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How is society portrayed in both the kite runner and 1984?

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Introduction

How is society portrayed in both the kite runner and 1984? Firstly I'll introduce the two novels as I know that some of you haven't read both of them, 1984 was written in 1948 so it is meant to be a dystopian future, a dystopia being the opposite of a utopia. It focuses on the life of Winston who is trying to rebel against the totalitarian society he lives in. He thinks that there must be a better way to live as he thinks for himself, unlike most of the party. The Kite runner is about Amir and his life journey as he tries to right the wrongs of his past, but it also about Afghanistan and its culture and some of its history, this gives us, the western world a great insight into a country that we would normally immediately think of badly. What is a society? Well there are several definitions of a society, one definition that I found is "mankind considered as a whole", whilst another definition was "the rich, privileged and fashionable social class" I think that a society is a mix of these things, it's the world we live in and the ideas and culture we have as a country. ...read more.

Middle

The people in Afghanistan supported them because they got rid of Showari, the afghan word used for the Russians who had been oppressing Afghanistan previously. In kite runner the Taliban regime is the only social group really allowed, people couldn't even gather in large groups when the Taliban were in power, unless it was an organised gathering that was supporting the Taliban. In 1984 the society controls the entire lives of all party members, and limits the lives of the proles. Inner party members get luxuries, they have real coffee and tea, they get chocolate and O'Brien even has a butler. Outer party members are given rations of victory products which are poorly made, such as the victory gin that's described as being oily and is compared to nitric acid, and victory cigarettes, which Winston, and I quote, "incautiously held it upright, where upon the tobacco fell out onto the floor", these poorly made products are what the outer party members get so what the proles get to live on must be worse. In the kite runner the Taliban eat meat, they have whatever they can take, a good example of this is Assef going to the orphanage and taking children, they could do what they wanted because no one was going to stop them, the Pashtun survive on vegetables ...read more.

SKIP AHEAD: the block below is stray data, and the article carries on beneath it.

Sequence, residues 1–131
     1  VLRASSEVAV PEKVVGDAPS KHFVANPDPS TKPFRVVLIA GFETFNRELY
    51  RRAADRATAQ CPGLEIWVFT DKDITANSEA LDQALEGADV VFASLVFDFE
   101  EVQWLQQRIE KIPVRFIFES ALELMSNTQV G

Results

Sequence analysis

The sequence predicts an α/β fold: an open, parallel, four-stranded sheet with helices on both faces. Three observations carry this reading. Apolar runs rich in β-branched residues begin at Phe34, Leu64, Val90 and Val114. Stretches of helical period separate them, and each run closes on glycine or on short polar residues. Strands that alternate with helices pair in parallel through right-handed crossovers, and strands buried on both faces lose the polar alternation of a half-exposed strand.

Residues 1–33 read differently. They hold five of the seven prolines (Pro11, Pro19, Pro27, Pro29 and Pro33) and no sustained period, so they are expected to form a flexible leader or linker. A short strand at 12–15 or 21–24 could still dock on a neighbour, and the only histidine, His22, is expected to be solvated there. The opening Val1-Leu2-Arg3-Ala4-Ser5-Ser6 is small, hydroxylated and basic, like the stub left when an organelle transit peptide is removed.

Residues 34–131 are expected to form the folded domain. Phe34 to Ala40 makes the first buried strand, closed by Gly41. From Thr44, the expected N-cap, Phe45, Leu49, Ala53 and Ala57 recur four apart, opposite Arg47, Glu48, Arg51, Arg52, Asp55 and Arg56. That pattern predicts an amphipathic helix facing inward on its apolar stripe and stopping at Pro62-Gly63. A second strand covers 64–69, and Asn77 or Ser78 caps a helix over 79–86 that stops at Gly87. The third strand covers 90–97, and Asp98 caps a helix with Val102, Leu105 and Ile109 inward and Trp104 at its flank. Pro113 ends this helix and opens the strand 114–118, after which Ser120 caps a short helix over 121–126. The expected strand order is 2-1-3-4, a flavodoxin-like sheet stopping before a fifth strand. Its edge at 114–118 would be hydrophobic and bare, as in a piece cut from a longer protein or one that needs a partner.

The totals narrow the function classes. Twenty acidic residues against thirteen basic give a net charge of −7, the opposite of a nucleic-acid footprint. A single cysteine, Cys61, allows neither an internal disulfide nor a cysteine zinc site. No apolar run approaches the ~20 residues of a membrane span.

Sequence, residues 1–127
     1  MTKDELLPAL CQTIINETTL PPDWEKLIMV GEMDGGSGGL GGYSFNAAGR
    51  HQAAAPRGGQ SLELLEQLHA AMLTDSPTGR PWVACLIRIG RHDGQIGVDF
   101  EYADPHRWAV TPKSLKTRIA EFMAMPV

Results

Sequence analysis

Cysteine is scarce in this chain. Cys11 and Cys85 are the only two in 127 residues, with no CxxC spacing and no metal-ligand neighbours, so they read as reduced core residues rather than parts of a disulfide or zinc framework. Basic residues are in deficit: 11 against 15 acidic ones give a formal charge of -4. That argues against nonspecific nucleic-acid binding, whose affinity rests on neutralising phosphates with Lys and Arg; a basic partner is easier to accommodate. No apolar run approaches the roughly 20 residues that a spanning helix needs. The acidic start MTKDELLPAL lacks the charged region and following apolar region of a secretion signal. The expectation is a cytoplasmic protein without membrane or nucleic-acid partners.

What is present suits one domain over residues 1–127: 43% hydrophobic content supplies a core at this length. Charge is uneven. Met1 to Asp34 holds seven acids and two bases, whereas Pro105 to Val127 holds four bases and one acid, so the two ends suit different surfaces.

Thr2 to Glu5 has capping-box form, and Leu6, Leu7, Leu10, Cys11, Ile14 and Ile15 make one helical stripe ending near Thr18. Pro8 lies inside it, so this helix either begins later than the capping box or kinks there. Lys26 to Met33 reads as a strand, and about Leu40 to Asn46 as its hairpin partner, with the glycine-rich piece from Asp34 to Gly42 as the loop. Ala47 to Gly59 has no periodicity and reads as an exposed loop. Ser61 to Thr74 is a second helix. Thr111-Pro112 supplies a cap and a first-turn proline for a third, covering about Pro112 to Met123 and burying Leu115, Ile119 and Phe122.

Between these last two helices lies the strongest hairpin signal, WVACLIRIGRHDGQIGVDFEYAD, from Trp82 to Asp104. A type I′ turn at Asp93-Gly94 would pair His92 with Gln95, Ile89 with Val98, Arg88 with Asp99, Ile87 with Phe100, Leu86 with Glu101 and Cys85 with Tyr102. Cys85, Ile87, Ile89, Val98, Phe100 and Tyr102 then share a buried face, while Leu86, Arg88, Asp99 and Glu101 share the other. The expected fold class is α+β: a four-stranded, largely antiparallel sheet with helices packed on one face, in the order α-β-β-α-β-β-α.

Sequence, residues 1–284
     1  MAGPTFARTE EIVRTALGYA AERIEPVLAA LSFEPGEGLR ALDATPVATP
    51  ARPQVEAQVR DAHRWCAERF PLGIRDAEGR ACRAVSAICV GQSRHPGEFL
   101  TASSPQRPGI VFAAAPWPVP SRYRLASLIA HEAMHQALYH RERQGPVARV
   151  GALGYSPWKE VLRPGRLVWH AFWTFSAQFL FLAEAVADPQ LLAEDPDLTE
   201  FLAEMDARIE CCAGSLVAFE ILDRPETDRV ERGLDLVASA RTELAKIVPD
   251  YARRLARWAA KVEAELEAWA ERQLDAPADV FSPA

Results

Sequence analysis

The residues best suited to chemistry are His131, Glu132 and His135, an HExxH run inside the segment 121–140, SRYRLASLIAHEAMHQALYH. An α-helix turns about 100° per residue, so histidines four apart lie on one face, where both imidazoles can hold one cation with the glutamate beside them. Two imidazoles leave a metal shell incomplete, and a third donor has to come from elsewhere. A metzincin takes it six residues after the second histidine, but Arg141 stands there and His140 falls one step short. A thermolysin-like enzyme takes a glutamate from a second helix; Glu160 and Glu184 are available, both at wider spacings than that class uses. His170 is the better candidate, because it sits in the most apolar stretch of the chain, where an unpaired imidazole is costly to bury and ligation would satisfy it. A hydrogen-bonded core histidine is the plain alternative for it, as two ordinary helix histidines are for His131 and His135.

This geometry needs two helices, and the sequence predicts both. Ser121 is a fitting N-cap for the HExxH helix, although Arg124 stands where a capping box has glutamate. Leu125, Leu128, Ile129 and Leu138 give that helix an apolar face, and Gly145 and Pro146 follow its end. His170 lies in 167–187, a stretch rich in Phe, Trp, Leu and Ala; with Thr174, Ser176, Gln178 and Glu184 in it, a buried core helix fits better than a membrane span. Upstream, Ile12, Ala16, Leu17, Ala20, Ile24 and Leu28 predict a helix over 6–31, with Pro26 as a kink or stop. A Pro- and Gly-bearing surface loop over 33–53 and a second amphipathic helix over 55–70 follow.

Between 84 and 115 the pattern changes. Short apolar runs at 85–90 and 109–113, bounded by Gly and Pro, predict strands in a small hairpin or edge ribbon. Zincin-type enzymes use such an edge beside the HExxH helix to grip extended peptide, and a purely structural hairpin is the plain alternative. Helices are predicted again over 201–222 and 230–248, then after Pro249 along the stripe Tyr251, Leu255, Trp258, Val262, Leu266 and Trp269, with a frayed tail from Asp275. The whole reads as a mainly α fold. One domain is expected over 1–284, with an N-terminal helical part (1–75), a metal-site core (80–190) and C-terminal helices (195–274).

Conclusion

The only people who didn't have to conform were the outcasts, the proles had to be placid and do whatever the party called on them for, but apart from that they were pretty much free to do what they wanted, everything they did was controlled by the party, so the party knew everything they did, even if the proles thought otherwise. In the kite runner the hazaras don't have to conform, they are completely outcast and below the law. The Taliban had tried to get rid of them completely, any surviving hazaras were in hiding. But with all these similarities it would seem that the Taliban regime was almost the same as INGSOC, the society in 1984. Many people have read Orwell's novel as a warning for the future, as it was written more than thirty years before it was set. But what happened in Afghanistan, and the similar things that go on in other countries are real, they aren't fiction and we know all about them, we hear and see these things on a daily basis. So have we overlooked Orwell's warning, is it all starting to come true? Could the UK be next, or the world? Only time will tell. Thanks for listening, any questions? ...read more.

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